Paige Rasmussen

Paige Rasmussen, a senior at Belgrade High School, won 13 of 14 goat roping titles at rodeos this past season.

Paige Rasmussen noted that there were plenty of factors in the decision-making process, including family and proximity, and that’s why she chose Montana State University.

The Belgrade senior signed a letter of intent on Tuesday to compete for the Bobcats. She’ll join older sister Shelby as a member of the team.

“The school is a really good school. They have what I want to study and the coaches are really nice. They’re like family,” Rasmussen said. “And the team is really accommodating too.”

Rasmussen’s mother, Katie, is a former Bobcat rodeo member, while her father, Flint, is one of most famous rodeo barrelman (rodeo clown) in the sport of bull riding. Flint is contracted by Professional Bull Riders and provides entertainment at their events.

“Kind of a family thing,” said Rasmussen.

Dotted Line

Belgrade senior Paige Rasmussen signed her letter of intent on March 6 to rodeo at Montana State University as her mother, Katie, looks watches.

Staying close to home was another reason Rasmussen opted to join the Bobcats’ program.

“It’s easier on my horses to be able to stay at home and to be out in the pasture. They wouldn’t have be locked in small pens,” Rasmussen said. “And also my vet lives here and my mom is here to help me with everything I need.”

Rasmussen is a highly accomplish cowgirl having competed in barrel racing, pole bending, goat tying, break-away roping and team roping during her high school career. Break- away roping and goat tying are her top two events, and she won 13 of the 14 rodeos in goat tying this past season in addition to winning the Best of the Best Timed Event Rodeo in Gallup, N.M. over the summer.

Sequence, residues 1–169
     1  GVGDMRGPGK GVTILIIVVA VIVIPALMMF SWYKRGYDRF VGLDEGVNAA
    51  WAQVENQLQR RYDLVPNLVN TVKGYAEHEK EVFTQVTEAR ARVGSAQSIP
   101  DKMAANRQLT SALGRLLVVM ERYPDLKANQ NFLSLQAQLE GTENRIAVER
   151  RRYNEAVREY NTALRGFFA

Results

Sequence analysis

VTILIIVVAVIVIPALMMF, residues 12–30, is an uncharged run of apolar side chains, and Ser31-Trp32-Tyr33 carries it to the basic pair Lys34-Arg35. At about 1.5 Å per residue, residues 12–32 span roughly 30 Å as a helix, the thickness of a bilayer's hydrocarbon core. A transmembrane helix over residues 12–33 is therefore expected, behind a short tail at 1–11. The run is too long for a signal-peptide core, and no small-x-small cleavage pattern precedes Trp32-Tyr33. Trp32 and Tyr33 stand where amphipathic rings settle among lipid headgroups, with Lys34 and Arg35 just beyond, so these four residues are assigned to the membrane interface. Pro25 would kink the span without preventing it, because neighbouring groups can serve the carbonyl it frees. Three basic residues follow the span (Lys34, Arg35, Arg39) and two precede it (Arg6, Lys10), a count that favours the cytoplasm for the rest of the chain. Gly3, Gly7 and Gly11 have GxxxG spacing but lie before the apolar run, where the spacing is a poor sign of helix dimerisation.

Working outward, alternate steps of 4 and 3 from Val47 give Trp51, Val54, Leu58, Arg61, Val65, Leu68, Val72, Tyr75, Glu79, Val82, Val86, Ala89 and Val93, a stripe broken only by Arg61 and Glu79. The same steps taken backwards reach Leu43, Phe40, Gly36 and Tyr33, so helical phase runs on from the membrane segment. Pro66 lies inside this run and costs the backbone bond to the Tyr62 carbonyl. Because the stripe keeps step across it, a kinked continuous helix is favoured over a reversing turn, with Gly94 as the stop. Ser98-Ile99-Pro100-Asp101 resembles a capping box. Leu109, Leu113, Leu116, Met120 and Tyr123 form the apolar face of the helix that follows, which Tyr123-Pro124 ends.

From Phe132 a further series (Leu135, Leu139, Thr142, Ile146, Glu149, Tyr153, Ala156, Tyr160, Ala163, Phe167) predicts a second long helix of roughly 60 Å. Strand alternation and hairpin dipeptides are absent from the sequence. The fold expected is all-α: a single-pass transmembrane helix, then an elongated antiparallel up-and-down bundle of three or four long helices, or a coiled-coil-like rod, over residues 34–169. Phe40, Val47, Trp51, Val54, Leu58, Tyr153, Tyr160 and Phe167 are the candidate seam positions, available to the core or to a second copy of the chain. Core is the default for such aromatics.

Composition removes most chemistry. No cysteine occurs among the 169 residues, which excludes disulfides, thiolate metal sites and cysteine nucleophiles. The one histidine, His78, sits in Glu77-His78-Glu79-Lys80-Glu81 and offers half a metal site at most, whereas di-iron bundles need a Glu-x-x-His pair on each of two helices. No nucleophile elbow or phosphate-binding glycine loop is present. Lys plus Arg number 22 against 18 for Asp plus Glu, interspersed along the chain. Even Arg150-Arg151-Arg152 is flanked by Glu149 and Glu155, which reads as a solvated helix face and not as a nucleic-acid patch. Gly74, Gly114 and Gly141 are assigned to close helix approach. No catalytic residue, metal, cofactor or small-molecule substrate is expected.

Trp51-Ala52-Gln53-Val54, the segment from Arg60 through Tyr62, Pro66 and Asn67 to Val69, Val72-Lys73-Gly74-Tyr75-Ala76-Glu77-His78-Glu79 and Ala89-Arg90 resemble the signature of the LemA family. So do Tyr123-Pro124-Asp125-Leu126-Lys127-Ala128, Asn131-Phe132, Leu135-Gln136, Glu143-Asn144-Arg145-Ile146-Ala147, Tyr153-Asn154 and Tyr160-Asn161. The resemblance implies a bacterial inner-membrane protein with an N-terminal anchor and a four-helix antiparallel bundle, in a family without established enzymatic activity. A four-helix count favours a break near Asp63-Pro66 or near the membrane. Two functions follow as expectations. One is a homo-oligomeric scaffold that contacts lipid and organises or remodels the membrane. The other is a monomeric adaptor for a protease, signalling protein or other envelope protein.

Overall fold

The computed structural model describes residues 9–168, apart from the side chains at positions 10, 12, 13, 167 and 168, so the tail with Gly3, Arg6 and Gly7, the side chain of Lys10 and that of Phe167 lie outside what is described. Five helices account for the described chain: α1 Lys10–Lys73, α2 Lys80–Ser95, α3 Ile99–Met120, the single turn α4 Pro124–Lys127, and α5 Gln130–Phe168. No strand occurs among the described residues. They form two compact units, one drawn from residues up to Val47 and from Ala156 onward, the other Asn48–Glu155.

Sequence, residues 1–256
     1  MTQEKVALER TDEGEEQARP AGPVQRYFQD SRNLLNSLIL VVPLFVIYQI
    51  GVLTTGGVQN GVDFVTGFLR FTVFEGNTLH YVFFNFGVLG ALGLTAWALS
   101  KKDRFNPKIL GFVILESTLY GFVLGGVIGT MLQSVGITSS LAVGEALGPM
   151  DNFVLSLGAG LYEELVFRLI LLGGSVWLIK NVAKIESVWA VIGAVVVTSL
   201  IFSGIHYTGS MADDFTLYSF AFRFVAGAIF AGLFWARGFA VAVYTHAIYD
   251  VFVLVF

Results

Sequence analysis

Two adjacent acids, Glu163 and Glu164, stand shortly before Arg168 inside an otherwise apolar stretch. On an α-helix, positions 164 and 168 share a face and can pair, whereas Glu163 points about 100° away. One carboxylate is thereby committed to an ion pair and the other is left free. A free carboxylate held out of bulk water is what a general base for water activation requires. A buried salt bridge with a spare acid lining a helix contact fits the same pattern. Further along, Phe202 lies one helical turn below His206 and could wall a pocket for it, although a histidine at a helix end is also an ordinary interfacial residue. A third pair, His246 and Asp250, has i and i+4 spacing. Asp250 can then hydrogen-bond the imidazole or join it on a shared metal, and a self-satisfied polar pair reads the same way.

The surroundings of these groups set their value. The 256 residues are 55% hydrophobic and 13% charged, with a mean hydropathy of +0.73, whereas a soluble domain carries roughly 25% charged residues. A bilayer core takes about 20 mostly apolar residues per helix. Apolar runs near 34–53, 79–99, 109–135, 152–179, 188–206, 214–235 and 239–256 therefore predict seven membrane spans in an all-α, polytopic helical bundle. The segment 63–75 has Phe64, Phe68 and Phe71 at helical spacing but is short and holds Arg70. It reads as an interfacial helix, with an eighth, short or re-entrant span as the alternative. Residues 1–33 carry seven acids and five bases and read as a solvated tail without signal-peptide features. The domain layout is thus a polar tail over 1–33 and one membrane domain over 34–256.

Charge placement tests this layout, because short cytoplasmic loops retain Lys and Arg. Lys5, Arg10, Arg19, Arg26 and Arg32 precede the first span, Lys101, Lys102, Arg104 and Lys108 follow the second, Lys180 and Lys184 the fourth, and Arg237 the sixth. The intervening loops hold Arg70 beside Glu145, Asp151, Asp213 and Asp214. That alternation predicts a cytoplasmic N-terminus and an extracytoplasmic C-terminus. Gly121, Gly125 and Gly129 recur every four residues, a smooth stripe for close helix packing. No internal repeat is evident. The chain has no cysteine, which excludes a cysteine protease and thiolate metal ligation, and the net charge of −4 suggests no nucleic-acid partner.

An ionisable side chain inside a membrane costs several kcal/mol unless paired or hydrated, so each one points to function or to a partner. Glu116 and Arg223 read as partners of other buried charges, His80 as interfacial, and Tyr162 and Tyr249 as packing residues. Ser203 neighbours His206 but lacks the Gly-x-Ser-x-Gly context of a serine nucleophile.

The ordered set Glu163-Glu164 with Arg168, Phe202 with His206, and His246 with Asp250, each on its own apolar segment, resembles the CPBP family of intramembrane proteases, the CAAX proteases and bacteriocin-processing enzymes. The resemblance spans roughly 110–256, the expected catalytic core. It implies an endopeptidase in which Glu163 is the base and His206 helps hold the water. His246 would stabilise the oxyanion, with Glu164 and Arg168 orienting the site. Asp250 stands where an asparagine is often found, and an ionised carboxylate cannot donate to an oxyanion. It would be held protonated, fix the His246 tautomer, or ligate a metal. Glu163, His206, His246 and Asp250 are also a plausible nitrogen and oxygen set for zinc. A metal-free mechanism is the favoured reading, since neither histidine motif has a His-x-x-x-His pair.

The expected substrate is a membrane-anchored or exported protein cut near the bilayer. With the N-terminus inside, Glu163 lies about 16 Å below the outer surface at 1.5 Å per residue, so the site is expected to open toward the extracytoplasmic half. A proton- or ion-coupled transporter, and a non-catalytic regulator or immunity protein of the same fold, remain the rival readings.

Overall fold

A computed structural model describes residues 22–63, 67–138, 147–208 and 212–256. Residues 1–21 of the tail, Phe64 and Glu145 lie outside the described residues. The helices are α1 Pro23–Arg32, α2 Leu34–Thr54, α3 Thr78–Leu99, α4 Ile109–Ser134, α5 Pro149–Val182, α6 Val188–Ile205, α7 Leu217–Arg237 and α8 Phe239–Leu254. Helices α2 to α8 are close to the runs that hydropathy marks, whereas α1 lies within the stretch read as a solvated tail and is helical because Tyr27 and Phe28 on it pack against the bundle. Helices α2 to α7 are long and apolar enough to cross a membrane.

“I didn’t used to be really dedicated to rodeo, but in the past couple years I really put more work into it and more determination. It’s kind of become my whole life,” Rasmussen, who is ranked No. 2 in the state in break-away roping, said. “There’s been some ups and downs, but overall it’s just made me a better competitor and a better person too.”

Rasmussen plans to focus on barrel racing, break-away roping and goat tying at Montana State. In the classroom, the 17-year-old plans to study English and medical lab science.

Signing Day

Manhattan senior Clay Johnson recently signed a letter of intent compete in rodeo at Montana State University.

Johnson shined in rodeo, football at Manhattan

Clay Johnson is staying home.  The two-sport Manhattan senior made it official Wednesday, signing with Montana State University to compete in rodeo.

Johnson has shined in both rodeo and football during his prep career, and is excited about the opportunity compete for the Bobcats in rodeo.

“I really wanted to go somewhere where I could boost my performance up as a rodeo athlete,” Johnson said. “I feel like MSU is such a great rodeo team that I’ll develop my talent there.”

Montana State is consistently among the top teams in the Big Sky Conference and Johnson noted that high level of success, as well as the opportunity to stay within the Gallatin Valley, swayed his decision.

“I just kind of wanted to do rodeo in college and go to a school where I could get a good education. Seemed like a really good fit,” he said. “Definitely (wanted to) stay close to home and save a little bit of money living at home and find a pretty good job. So stay here and learn and work.”

Johnson competes in tie-down roping, team roping and steer wrestling and will tackled those same events for the Bobcats. He’s gained plenty of experience over the past several years.

“My sophomore year I was second in the year-end and made it to nationals,” Johnson noted. “Just been everywhere really. Won some amateur rodeos.”

As a member of the football team, the 5-foot-10, 190-pound Johnson helped Manhattan reach the state Class B quarterfinals in each of the past two years. This past season, during a 6-4 campaign, he earned All-State honors at running back and was an academic All-State honoree.

Johnson plans to study business management at Montana State.

“I want to do the best that I can do in the Big Sky region in rodeo,” said Johnson. “And come out of college with a good degree and a good idea of what I want to do for the rest of my life.”